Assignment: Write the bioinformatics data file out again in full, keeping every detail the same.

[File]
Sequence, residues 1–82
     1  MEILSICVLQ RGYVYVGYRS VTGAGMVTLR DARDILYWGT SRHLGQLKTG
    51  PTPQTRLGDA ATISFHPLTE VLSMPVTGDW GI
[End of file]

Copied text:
Sequence, residues 1–82
     1  MEILSICVLQ RGYVYVGYRS VTGAGMVTLR DARDILYWGT SRHLGQLKTG
    51  PTPQTRLGDA ATISFHPLTE VLSMPVTGDW GI